Barbershop - Movie Reviews - Rotten Tomatoes

Barbershop Reviews

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½ February 23, 2019
This story about a community barbershop offers a handful of laughs and wisdom from its mixture of ensemble cast members, and while the two subplots aren't nearly as entertaining as the shop interplay, "Barbershop" is still an entertaining film based on the values of family and friends.
January 13, 2019
Very enjoyable and not only quite funny but also makes you think about the usual stuff like life and life choices ... I enjoyed this one.
½ October 7, 2018
Really boring with not a lot happening. It was almost unwatchable. (First and only full viewing - 10/7/2018)
½ December 8, 2017
Funny, heart-felt and filled with fantastic characters. A film that carries more weight than one would initially think. Cedric the Entertainer is simply marvelous.
"Eddie: See, in my day, a barber was more than just somebody who sit around in a FUBU shirt with his drawers hanging all out. In my day, a barber was a counselor. He was a fashion expert. A style coach. Pimp. Just general all-around hustler."
½ September 18, 2017
I enjoyed this movie more than I thought that I was going to. It is simple, but it is funny and has a lot of heart. This has a great cast and even greater theme and I would recommend it.
July 29, 2017
Not a bad movie, lots of Eve, just not more than 2 of 5 stars in the grand scheme of things :)
February 2, 2017
It's good movie to watch
October 8, 2016
Sweet Movie that does good with mixing humor and heart at the same time.
September 2, 2016
A rich slice-of-life comedy full of hilariously funny moments, dialogue, & characters.
½ August 17, 2016
As with any film featuring Ice Cube, Barbershop caught my attention due to a N.W.A. Obsession.

Barbershop is much like Ice Cube's breakthrough comedy vehicle Friday (1995). Both films depict the everyday experiences of the African-American community in as their experiences with social structures and relationships provide comedic banter. Barbershop's narrative is constructed out of a series of characters who each have their own story which is present for the sake of loose characterization, but not so much for any real narrative development. The story in Barbershop is a really simplistic one, but it also means that it's an easygoing one.
Viewers don't have to involve themselves too deeply within the story to enjoy the experience as it is mainly a straightforward comedic venture. The themes in the story are legitimate as the entire film centres around the concept of community; bringing people together to assist each other as friends or simple acquaintances. The underlying message in the film is not preachy or reliant on sentimentality, rather it is one which simply gives a genuine feeling of positivity to the film. It is a really basic theme and a also a rather familiar one, but Barbershop works around this by letting it flow naturally alongside the comedy in the film. Barbershop is a film sourcing its humour from the inherent nature of each character's individuality and through the way they react to various situations over the course of a singular day.
What I really like about Barbershop is the fact that it doesn't rely on simple racial stereotypes to bolster its comedy. The characters are not defined by their race, they are defined by their humanity and the humour comes from the way they interact with each other at a swift and believable rate. There is a side plot surrounding the physical gag of two characters constantly trying to break open a stolen ATM, but the main comic focus in the film simply plays into the dialogue from the characters. Barbershop's refusal to submit to simplistic stereotypes is one of its finest qualities, even when it manages to border on them without crossing the line. An example of this include the fact that the term "Damn" is used sporadically over the course of the film without ever getting excessive, effectively providing some of the funniest moments in the film due to a lack of overexposure.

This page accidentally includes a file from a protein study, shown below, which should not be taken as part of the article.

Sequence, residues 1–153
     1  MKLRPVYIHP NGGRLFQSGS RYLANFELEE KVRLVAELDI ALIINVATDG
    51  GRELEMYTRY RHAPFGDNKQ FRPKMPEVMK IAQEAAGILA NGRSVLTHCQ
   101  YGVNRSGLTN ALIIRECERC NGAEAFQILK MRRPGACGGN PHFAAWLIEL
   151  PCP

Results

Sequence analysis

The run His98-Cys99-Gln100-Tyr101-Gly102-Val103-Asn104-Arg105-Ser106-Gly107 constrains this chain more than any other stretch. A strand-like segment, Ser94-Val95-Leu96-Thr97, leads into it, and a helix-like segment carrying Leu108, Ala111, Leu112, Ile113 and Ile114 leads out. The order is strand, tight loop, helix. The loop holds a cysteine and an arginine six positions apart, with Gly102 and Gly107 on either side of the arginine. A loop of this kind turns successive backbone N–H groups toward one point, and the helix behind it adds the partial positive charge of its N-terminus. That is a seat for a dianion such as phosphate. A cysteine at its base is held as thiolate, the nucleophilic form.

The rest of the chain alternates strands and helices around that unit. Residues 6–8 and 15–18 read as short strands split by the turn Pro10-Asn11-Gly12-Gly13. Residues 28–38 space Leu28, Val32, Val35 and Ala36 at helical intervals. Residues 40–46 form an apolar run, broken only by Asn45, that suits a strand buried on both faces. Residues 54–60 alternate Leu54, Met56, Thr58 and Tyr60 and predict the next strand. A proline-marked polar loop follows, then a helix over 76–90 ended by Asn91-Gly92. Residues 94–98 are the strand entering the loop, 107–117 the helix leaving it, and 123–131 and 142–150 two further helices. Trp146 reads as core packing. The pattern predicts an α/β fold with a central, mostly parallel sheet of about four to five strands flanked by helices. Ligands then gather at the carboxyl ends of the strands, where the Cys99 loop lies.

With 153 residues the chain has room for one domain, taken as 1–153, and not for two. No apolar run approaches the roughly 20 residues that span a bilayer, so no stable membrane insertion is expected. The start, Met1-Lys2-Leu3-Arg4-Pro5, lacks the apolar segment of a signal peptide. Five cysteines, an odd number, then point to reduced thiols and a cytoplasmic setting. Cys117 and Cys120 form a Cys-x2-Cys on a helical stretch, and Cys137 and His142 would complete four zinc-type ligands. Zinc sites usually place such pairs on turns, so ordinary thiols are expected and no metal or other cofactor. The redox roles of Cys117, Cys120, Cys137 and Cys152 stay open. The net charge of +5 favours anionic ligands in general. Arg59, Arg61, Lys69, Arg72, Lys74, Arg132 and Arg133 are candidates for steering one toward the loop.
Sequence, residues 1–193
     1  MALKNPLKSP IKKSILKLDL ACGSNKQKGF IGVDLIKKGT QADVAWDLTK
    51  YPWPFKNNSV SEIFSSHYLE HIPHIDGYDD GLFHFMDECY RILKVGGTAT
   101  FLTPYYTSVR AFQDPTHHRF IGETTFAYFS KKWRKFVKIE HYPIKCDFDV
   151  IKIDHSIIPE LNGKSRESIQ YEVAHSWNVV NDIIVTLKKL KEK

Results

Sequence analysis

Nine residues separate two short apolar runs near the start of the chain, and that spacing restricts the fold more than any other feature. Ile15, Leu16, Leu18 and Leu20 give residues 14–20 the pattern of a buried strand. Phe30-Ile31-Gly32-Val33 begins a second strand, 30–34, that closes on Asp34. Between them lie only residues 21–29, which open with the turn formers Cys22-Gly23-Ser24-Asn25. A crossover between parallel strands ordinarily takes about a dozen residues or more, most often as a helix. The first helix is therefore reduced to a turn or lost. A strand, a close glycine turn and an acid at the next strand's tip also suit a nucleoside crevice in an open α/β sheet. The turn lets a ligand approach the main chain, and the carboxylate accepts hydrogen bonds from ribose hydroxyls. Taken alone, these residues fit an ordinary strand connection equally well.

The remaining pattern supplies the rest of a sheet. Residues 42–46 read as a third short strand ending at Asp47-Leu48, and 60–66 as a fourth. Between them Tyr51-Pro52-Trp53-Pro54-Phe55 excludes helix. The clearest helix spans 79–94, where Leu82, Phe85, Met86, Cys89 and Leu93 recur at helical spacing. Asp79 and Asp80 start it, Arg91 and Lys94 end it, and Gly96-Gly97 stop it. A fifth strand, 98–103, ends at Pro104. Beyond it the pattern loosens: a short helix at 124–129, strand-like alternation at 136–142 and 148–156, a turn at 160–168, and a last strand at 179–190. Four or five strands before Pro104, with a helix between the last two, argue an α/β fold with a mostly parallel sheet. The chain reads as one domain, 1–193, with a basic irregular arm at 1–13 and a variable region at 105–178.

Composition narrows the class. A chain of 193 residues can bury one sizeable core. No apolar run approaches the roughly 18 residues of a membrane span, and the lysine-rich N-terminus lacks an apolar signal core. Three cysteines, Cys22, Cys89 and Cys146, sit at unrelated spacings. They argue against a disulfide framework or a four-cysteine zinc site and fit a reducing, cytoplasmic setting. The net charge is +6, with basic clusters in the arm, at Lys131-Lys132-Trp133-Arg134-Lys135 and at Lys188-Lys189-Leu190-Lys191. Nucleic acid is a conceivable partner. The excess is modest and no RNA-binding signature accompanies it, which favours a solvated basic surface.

Barbershop also knows the right time to tone down its comedic elements. The story doesn't offer any major development but does have some good moments of drama that still maintain the lighthearted charm of the film. For example, the moment where Terri Jones breaks up with her cheating boyfriend without resorting to any kind of aggressive racial stereotype provides a really compelling moment of realistic drama. She tells him in the most respectful manner she can, getting frustrated only slightly as he refuses to accept the reality of the situation. Barbershop is a comedy which knows when to restrain itself while functioning on a dramatic level, even taking some occasional moments to discuss some really intelligent concepts about racial identity without being a tedious political statement.
Barbershop succeeds on a small budget as it functions within a singular location which is ripe with appealing scenery. With its simplistic narrative and reliance on dialogue, the performances of the cast are a key factor in bringing it to prominence. And Tim Story lets their natural charms flourish.
Ice Cube is a fine lead for Barbershop. Ice Cube has proven his talents for comedy multiple times, and Barbershop provides a key opportunity for him to remind us all of that. The film provides him a pivotal opportunity for him to show audiences that he is far more than a one-dimensional stereotype. Fans of his work on Friday can enjoy the fact that he maintains an edgy nature which he occasionally injects into the humour, but everyone can rejoice mainly at the fact that his performance is one of subtlety. Most of what he has to say comes from his facial expressions as he remains silent, contemplating what everyone around him means to his character. Calvin Palmer Jr. comes off as a really genuine character, and Ice Cube manages to project a humanized sense of drama in the role with a knack for comic timing. Ice Cube portrays a character of more sophistication than viewers have seen him play before, and it comes across so naturally that it pays a lot of credibility to the man. Ice Cube prove his worth as an actor of simple drama and subtlety in Barbershop while keeping audiences laughing at the right moments.